New detection system allows high-quality OCT imaging with power levels well below safety limits
WASHINGTON – Researchers have shown that a detection technology borrowed from quantum optics can be used to perform optical coherence tomography (OCT) with much lower light power than previously possible. This could greatly improve the imaging quality available from OCT used for medical imaging applications.
OCT uses light to provide high-resolution 3D images in a non-invasive manner. Although it is commonly used for ophthalmology applications, OCT can also be used to image many other parts of the body such as the skin and inside the ears, mouth, arteries and gastrointestinal tract.
Caption: Researchers used a technology borrowed from quantum optics to perform optical coherence tomography (OCT) with much lower light powers than previously possible. Two views of their optical setup are shown.
Credit: Andrzej Romański
“For clinical applications, being able to perform OCT with low light power is crucial because safety standards limit the light intensity levels that can be used,” said research team leader Sylwia Kolenderska from The University of Auckland in New Zealand. “In some cases, these power levels are not high enough to achieve good image quality.”
In The Optical Society (OSA) journal Optics Letters, the researchers describe how they replaced standard OCT detectors with superconducting single-photon detectors (SSPDs), a technology used in quantum optics to distinguish individual photons. This setup allowed them to achieve good image quality with power levels up to 1 million times lower than those currently used in OCT instruments.
“In the future, if single-photon detection technology could be made much smaller and less expensive, a line of portable diagnostic machines based on light-based imaging might be created for safe self-diagnosis purposes in the comfort of one’s home,” said Kolenderska.
Capturing single photons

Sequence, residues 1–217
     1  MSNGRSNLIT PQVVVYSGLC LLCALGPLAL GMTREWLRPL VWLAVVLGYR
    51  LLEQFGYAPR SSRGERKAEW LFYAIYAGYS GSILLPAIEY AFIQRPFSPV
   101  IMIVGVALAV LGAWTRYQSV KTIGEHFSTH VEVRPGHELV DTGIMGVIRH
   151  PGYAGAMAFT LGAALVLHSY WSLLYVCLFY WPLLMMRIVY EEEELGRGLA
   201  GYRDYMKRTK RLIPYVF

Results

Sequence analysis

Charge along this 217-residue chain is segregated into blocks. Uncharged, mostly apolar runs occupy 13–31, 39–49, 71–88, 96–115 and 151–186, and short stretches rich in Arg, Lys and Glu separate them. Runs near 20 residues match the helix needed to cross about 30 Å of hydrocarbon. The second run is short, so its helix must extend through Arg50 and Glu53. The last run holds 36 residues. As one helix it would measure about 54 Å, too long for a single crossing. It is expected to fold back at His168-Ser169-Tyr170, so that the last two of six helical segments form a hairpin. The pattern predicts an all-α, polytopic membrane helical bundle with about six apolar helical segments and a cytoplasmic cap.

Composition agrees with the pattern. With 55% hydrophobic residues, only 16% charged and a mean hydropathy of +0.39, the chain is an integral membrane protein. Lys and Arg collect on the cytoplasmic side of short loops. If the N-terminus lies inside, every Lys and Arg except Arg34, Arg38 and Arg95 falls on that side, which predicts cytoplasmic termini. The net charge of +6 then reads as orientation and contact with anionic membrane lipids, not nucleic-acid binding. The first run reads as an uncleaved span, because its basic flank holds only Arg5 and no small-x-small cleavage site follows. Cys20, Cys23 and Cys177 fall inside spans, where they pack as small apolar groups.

The researchers came up with the new detection scheme while developing an OCT method based on quantum light for which SSPDs were central. They soon realized that SSPDs could also be used in a standard OCT arrangement to enhance sensitivity.
“Because SSPDs can detect single photons, an OCT instrument using them requires only a tiny amount of light compared to what is currently used in modern OCT machines,” said Kolenderska. “Yet, it still produces high-detail images that are comparable with existing OCT systems.”
Incorporating SSPDs into a standard OCT system required some changes to the typical optical setup. Modern OCT instruments work by discerning the colors, or wavelengths, of light reflected from an object. This wavelength discrimination can be performed by using a single pixel detector while the light source produces one wavelength at a time or it can be done with a diffraction grating that splits the light into different wavelengths like a prism and a camera that detects these wavelengths.
Caption: Using, single-photon detectors (SSPDs), a technology used in quantum optics to distinguish individual photons, allowed the researchers to achieve good image quality with power levels up to 1 million times lower than those currently used in OCT instruments. Pictured are Sylwia Kolenderska and Piotr Kolenderski, members of the research team.
Credit: Andrzej Romański
The researchers used a fiber instead of a grating to separate different colors, which each travel at different speeds down the fiber. At the fiber’s output end, they used the SSPD to capture the different colors as they arrive at different times. This allowed the light spectrum to be acquired for reconstructing OCT images.
Low-power light yields high-quality images
To demonstrate the new detection scheme, the researchers acquired OCT images of a stack of three types of glass and a piece of onion, which represented a biological sample. They obtained good-quality images of both samples at light intensity levels at least five orders of magnitude lower than those set by safety standards.
“Our results show that the new detection approach could allow quality OCT imaging of different parts of the body, especially sensitive organs such as the eyes, without worrying about going above the safety levels in terms of light power,” said Kolenderska. “In fact, the SSPD would be damaged beyond repair long before even 1% of the safety level is reached.”
The researchers did, however, observe artifacts – elements that do not correspond to the structure of the sample – in the OCT images they acquired. These appear because the detection system detects all kinds of interactions between photons, not just the ones needed to reconstruct an actual image. They are experimenting to find the best way to prevent these artifacts without compromising imaging speed, which would be important to maintain for clinical applications.
Paper: S. M. Kolenderska, F. Vanholsbeeck, P. Kolenderski, “Quantum-inspired detection for Spectral Domain Optical Coherence Tomography,” Opt. Lett., 45, 13, 3443-3446 (2020).